In Florida, a victim of employment discrimination can file a discrimination claim based on the Florida Civil Rights Act of 1992 (FCRA) with the Florida Commission for Human Relations (FCHR), the state agency enforcing anti-discrimination laws. Florida’s anti-discrimination statute offers protection from discrimination on the basis of factors also protected by federal law, such as race, color, religion, sex (including pregnancy), national origin, age (40 or older), disability (handicap), and genetic information. In addition, Florida law protects against discrimination based on marital status. (For information about filing a charge through the Equal Employment Opportunity Commission (EEOC), see the Processing Claims with the EEOC blog article.)
Who can file a charge?
An employee or an applicant for employment may file a claim for discrimination with the FCHR. Under Florida law, anonymous complaints are not accepted.
Time limits, in general
A Florida claimant must file his or her state claim within 365 calendar days after the discrimination took place. However, claimants wishing to also file at a federal level must submit their claims within 300 calendar days of the discrimination event. (The time limit to file a whistleblower claim for employer retaliation in Florida is 60 days.)
Under Florida law, the FCHR must send a copy of the complaint to the alleged offender within 5 days of the filing of the complaint. The alleged offender will have 25 days from the date the complaint was filed with the FCHR to file an answer.
The FCHR has 180 days to investigate the claim. If, upon its investigation, the agency finds “reasonable cause” to believe that discrimination exists, it will notify the claimant. At this point, the claimant may bring a civil action for damages, request an administrative hearing, or request mediation.
A lawsuit against the employer must be brought within 1 year of the date in which FCHR gives notice of reasonable cause to the claimant. In any case, a discrimination lawsuit must be filed within four years of the alleged discriminatory action. If an administrative hearing is requested and granted, any redress provided by this process will be the sole remedy to the claimant. An administrative claim dismissal must be appealed within 35 days, or the claim will be barred.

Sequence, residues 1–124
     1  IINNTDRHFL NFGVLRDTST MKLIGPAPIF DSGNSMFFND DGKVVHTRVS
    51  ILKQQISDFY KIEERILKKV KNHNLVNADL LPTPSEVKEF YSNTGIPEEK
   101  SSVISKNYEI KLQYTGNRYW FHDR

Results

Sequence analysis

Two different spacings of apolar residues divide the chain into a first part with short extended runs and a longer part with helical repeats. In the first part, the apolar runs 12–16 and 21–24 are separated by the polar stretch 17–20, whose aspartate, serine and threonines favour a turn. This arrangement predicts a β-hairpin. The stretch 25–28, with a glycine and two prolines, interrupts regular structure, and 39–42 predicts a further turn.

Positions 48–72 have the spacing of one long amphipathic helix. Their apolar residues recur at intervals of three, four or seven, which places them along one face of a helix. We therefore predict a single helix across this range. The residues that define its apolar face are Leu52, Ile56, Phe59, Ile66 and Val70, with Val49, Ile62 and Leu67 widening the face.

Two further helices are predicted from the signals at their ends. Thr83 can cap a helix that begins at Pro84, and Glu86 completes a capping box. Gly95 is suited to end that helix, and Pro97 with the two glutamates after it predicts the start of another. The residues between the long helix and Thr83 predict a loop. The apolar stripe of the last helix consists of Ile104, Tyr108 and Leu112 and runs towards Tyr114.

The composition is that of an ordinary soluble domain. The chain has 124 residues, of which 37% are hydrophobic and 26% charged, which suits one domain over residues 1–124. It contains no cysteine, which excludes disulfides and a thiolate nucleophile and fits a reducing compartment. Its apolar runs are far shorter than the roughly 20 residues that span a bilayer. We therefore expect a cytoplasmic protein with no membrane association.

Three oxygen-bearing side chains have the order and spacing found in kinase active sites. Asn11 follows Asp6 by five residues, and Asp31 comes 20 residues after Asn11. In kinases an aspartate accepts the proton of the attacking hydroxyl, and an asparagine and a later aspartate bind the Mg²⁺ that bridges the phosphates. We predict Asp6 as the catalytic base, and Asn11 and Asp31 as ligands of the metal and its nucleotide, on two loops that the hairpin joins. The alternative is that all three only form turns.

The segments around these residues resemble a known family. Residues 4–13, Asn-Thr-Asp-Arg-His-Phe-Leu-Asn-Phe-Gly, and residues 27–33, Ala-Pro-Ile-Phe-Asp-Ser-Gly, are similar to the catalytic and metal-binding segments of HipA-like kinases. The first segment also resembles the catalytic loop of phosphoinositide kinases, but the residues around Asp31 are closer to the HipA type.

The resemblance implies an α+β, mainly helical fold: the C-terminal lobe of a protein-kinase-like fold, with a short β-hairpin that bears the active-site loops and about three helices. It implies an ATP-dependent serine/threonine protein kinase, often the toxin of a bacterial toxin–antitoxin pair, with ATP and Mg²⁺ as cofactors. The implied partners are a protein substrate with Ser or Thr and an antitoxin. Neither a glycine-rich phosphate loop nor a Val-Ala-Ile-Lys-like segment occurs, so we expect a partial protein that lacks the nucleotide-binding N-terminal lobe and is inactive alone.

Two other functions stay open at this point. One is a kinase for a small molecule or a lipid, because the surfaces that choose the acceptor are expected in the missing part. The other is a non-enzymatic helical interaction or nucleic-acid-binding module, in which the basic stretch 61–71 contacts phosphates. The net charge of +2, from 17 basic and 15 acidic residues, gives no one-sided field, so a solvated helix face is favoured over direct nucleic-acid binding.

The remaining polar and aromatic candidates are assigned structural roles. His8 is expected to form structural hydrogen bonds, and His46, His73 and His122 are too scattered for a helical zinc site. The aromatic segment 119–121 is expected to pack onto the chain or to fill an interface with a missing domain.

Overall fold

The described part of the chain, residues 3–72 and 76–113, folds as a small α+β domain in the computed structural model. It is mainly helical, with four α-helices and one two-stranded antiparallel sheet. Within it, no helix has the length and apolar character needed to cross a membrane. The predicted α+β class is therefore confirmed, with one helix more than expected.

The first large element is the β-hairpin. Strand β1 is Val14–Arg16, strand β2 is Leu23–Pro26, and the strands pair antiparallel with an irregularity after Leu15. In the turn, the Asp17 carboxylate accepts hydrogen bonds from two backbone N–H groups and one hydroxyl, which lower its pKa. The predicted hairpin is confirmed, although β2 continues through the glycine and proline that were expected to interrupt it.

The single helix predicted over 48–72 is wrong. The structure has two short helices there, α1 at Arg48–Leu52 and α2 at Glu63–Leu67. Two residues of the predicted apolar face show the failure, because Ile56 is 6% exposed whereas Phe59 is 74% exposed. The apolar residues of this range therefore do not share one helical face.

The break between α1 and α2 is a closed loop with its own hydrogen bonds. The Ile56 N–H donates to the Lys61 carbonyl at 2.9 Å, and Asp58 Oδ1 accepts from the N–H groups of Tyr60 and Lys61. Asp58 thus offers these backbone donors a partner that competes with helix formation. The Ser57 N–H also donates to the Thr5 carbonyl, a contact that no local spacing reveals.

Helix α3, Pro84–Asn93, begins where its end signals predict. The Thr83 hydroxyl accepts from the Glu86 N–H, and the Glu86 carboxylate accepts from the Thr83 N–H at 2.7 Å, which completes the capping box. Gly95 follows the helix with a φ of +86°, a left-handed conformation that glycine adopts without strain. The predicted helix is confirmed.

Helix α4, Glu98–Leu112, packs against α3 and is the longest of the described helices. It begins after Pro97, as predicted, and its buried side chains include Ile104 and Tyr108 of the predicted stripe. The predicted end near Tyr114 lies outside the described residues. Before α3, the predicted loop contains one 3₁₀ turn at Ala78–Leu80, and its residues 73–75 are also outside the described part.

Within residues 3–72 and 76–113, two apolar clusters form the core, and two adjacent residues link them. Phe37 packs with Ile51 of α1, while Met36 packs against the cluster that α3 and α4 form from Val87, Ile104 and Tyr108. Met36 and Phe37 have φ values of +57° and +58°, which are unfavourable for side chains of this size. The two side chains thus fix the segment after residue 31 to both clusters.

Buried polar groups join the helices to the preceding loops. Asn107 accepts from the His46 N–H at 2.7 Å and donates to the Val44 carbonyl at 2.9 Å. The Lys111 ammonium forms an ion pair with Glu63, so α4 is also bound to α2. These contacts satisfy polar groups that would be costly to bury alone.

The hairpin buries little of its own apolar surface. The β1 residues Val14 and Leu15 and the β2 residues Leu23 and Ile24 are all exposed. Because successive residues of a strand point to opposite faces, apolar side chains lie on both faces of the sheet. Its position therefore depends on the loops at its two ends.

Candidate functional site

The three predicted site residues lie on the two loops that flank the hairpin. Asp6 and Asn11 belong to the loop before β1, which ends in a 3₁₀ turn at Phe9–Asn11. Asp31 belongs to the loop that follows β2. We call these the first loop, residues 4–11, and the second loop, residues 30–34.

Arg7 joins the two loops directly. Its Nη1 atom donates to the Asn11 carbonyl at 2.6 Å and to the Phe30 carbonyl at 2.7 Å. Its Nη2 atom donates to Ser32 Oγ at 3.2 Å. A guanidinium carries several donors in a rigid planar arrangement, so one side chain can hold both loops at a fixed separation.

If the FCHR makes a “no cause” determination, the claimant may still request an administrative hearing, but he or she must do so within 35 days. If FCHR fails to make a determination within 180 days, then the claimant may proceed as if the agency made a “reasonable cause” determination.
An aggrieved employee also has the option of requesting mediation. Mediation may result in a binding agreement, and if it does not, the claimant may still file suit or request an administrative hearing.
Where to file
The FCHR has a work sharing agreement in place with the EEOC to enable cooperation in the documenting and processing of charges of employment discrimination in Florida, without determining jurisdiction. Under this contract, the FCHR is known as a Fair Employment Practice Agency (FEPA), and it follows the terms of the contract to protect a claimant’s rights under federal and state law. Florida has a number of FEPA offices across the state to process and manage FCHR and EEOC claims. After a FEPA office is contacted, the claimant is often requested to complete a questionnaire. This starts the process of claim investigation.
Often, the filing of a discrimination claim, particularly determining the most appropriate jurisdiction to file it in (state and/or federal) can be confusing. Discrimination victims can find the assistance of a legal professional helpful when deciding whether to file a charge, when, how and where to file it, in order to preserve their rights and maximize a potential recovery. Legal counsel can also assist employers wishing to create a discrimination-free work environment through sound policies and training, or employers who find themselves in the difficult position of defending a discrimination charge at a state and/or federal level.
Whether you are an employer or employee, the Orlando employment law attorneys of Burruezo & Burruezo can assist you in assessing a discrimination situation, filing a claim, or in providing legal representation, if necessary. Click here to contact an attorney now.